#         $h->{h24}        "01"
 #         $h->{hour}       "01"
 #         $h->{min}        10
 #         $h->{sec}        "00"
 #         $h->{since_midnight}    4200
 # ------------------------------------------------

 $h = normalize_hms (13, 10);
 #
 # Returns:
 #         $h->{ampm}       "p"
 #         $h->{h12}        1
 #         $h->{h24}        13
 #         $h->{hour}       13
 #         $h->{min}        10
 #         $h->{sec}        "00"
 #         $h->{since_midnight}    47400
 # ------------------------------------------------

 $h = normalize_hms (13, 10, undef, 'pm');
 #
 # Throws an exception:
 #         Time::Normalize: Invalid hour: "13"
 # ------------------------------------------------

 $h = normalize_gmtime(1131725587);
 #
 # Returns:
 #         $h->{ampm}       "p"
 #         $h->{sec}        "07",
 #         $h->{min}        13,
 #         $h->{hour}       16,
 #         $h->{day}        11,
 #         $h->{mon}        11,
 #         $h->{year}       2005,
 #         $h->{dow}        5,
 #         $h->{yday}       314,
 #         $h->{isdst}      0,
 #         $h->{h12}        4
 #         $h->{ampm}       "p"
 #         $h->{since_midnight}        58_387,
 #         $h->{dow_name}   "Friday",
 #         $h->{dow_abbr}   "Fri",
 #         $h->{mon_name}   "November",
 #         $h->{mon_abbr}   "Nov",
 # ------------------------------------------------

EXAMPLES WITH Regexp::Common::time ^

This module plus Regexp::Common::time is a powerful combination for parsing date and time input.

 use Regexp::Common qw(time);
 use Time::Normalize;

 # Informal American-style dates
 $input = "January 7, '08";
 @vals = $input =~ $RE{time}{american}{-keep};
 $d = normalize_rct('american', @vals);
 print "$d->{year}/$d->{mon}/$d->{day} was a $d->{dow_name}";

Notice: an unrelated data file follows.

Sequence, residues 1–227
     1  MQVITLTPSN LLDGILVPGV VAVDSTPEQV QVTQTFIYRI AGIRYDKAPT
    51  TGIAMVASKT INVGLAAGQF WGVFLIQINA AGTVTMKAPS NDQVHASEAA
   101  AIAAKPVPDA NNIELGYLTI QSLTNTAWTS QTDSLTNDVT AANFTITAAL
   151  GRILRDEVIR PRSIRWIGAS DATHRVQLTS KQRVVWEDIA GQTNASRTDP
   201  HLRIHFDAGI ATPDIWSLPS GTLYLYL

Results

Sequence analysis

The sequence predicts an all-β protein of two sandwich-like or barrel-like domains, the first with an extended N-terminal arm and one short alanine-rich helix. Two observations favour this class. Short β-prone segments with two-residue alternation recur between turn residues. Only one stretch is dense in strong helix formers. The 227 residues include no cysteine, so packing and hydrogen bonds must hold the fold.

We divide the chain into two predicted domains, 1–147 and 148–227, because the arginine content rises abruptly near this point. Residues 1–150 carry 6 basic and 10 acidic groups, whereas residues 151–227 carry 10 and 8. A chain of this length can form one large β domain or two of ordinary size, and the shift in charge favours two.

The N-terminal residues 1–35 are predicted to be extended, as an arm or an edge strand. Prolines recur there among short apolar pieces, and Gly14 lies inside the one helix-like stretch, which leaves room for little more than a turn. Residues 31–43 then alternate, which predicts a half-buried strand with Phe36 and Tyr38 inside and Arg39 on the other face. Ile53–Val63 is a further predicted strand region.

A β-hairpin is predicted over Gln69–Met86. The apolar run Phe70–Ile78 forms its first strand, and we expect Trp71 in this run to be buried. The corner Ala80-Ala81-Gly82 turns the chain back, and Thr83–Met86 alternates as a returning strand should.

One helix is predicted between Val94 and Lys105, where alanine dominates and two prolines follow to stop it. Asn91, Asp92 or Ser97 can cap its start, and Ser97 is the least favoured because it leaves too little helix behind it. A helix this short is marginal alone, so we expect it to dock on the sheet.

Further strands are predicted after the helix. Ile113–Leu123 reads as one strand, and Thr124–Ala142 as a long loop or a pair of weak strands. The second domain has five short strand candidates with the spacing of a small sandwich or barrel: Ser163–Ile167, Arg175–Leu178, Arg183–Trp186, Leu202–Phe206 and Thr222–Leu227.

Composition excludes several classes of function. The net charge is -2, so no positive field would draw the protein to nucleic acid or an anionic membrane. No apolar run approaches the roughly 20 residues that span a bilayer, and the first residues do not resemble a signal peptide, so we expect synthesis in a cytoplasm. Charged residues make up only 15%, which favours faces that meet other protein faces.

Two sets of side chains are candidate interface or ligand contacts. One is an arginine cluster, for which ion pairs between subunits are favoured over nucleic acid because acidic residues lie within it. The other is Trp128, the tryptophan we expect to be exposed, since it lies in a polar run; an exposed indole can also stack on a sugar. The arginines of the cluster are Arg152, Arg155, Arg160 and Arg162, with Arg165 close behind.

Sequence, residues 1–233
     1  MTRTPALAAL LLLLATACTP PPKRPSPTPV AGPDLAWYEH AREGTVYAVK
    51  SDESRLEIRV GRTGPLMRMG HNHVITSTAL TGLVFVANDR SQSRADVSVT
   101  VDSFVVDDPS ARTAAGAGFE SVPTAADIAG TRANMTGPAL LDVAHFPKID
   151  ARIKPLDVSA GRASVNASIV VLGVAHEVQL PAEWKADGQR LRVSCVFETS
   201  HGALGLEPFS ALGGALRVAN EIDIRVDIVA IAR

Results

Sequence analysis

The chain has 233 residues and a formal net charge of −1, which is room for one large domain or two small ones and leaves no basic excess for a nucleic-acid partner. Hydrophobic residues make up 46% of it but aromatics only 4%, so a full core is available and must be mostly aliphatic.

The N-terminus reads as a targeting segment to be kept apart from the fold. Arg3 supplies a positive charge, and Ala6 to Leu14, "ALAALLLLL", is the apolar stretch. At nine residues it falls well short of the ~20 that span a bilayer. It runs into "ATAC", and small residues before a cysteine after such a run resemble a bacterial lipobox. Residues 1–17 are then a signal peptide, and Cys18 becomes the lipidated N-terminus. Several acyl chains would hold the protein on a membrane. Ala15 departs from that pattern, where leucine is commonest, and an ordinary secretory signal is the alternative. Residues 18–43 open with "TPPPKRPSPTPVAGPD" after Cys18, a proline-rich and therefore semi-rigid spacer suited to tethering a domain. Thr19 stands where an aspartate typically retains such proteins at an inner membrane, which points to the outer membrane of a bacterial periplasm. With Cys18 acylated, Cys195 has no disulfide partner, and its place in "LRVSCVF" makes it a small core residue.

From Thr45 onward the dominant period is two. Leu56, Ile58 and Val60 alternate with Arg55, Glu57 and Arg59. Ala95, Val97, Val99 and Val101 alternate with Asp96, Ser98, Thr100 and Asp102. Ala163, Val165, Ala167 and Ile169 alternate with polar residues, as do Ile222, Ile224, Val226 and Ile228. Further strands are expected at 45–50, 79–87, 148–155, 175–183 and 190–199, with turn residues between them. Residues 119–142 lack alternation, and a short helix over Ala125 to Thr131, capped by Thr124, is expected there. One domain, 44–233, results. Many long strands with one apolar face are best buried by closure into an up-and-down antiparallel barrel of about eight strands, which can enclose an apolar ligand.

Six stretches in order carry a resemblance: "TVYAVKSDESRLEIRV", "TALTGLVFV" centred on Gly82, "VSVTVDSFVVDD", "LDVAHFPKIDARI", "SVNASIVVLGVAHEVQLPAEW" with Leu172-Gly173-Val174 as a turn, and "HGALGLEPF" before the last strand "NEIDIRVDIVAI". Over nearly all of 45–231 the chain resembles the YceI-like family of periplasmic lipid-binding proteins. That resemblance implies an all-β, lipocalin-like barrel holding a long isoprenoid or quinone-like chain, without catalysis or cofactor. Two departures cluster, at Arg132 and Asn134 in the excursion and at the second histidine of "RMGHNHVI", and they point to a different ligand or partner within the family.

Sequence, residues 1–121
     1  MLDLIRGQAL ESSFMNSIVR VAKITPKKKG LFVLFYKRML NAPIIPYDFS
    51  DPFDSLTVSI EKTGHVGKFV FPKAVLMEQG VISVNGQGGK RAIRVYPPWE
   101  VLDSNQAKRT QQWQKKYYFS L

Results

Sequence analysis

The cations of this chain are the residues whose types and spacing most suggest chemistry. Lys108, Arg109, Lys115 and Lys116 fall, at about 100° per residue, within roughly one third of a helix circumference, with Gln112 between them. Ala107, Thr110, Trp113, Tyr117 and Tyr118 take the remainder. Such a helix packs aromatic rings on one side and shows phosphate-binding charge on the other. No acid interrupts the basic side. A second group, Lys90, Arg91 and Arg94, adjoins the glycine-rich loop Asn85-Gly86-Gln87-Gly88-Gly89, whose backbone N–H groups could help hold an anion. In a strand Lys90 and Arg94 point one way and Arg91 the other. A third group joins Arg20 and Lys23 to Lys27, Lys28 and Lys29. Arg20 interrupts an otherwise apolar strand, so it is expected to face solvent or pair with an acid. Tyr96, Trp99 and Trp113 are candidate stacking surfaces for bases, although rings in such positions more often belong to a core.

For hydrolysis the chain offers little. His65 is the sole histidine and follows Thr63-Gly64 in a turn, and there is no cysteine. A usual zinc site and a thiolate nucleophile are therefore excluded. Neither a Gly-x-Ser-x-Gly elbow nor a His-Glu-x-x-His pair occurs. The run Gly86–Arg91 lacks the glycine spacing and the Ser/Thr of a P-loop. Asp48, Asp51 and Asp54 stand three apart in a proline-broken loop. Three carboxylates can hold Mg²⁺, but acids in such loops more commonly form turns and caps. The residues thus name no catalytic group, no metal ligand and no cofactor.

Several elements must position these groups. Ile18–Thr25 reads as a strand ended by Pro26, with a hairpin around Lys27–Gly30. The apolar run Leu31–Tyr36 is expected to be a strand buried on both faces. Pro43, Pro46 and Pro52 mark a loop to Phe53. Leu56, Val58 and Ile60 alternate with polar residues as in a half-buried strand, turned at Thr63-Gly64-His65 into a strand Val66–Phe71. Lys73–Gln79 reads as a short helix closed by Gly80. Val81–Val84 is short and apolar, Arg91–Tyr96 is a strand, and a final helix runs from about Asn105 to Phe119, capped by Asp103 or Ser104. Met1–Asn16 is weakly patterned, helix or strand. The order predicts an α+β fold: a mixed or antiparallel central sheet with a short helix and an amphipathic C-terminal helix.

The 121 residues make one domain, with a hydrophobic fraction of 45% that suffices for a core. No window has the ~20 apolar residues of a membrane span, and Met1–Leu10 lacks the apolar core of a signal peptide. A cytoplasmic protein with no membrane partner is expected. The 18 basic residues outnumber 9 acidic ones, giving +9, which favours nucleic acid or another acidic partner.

# Prints: 2008/01/07 was a Monday
 #
 $input = "Jan 7, 2008";
 @vals = $input =~ $RE{time}{american}{-keep};
 $d = normalize_rct('american', @vals);
 print "$d->{year}/$d->{mon}/$d->{day} was a $d->{dow_name}";
 # Prints: 2008/01/07 was a Monday

 # European-style day/month/year dates
 $input = '7 March 2007';
 @vals = $input =~ $RE{time}{dmy}{-keep};
 $d = normalize_rct('dmy', @vals);
 print "$d->{year}/$d->{mon}/$d->{day} was a $d->{dow_name}";
 # Prints: 2007/03/07 was a Friday
 #
 $input = '07.03.07';
 @vals = $input =~ $RE{time}{dmy}{-keep};
 $d = normalize_rct('dmy', @vals);
 print "$d->{year}/$d->{mon}/$d->{day} was a $d->{dow_name}";
 # Prints: 2007/03/07 was a Friday

 # Time parsing:
 $input = '13:24';
 @vals = $input =~ $RE{time}{hms}{-keep};
 $t = normalize_rct('hms', @vals);
 print "$t->{hour}:$t->{min}:$t->{sec}";    # 13:24:00
 #
 $input = '1.24.00 P.M.';
 @vals = $input =~ $RE{time}{hms}{-keep};
 $t = normalize_rct('hms', @vals);
 print "$t->{hour}:$t->{min}:$t->{sec}";    # 13:24:00

EXPORTS ^

This module exports the following symbols into the caller's namespace:

 normalize_ymd
 normalize_ymd3
 normalize_hms
 normalize_ymdhms
 normalize_time
 normalize_gmtime
 normalize_month
 normalize_year
 normalize_ym
 normalize_ym3
 normalize_rct

The following symbols are available for export:

 mon_name
 mon_abbr
 day_name
 day_abbr
 is_leap
 days_in

You may use the export tag "all" to get all of the above symbols:

 use Time::Normalize ':all';

REQUIREMENTS ^

If POSIX and I18N::Langinfo is available, this module will use them; otherwise, it will use hardcoded English values for month and weekday names.

Test::More is required for the test suite.

SEE ALSO ^

See Regexp::Common::time for a Regexp::Common plugin that matches nearly any date format imaginable.

BUGS ^

NOT A BUG ^

AUTHOR / COPYRIGHT ^

Copyright (c) 2005-2008 by Eric J. Roode, ROODE -at- cpan -dot- org

All rights reserved.

To avoid my spam filter, please include "Perl", "module", or this module's name in the message's subject line, and/or GPG-sign your message.

This module is copyrighted only to ensure proper attribution of authorship and to ensure that it remains available to all. This module is free, open-source software. This module may be freely used for any purpose, commercial, public, or private, provided that proper credit is given, and that no more-restrictive license is applied to derivative (not dependent) works.

Substantial efforts have been made to ensure that this software meets high quality standards; however, no guarantee can be made that there are no undiscovered bugs, and no warranty is made as to suitability to any given use, including merchantability. Should this module cause your house to burn down, your dog to collapse, your heart-lung machine to fail, your spouse to desert you, or George Bush to be re-elected, I can offer only my sincere sympathy and apologies, and promise to endeavor to improve the software.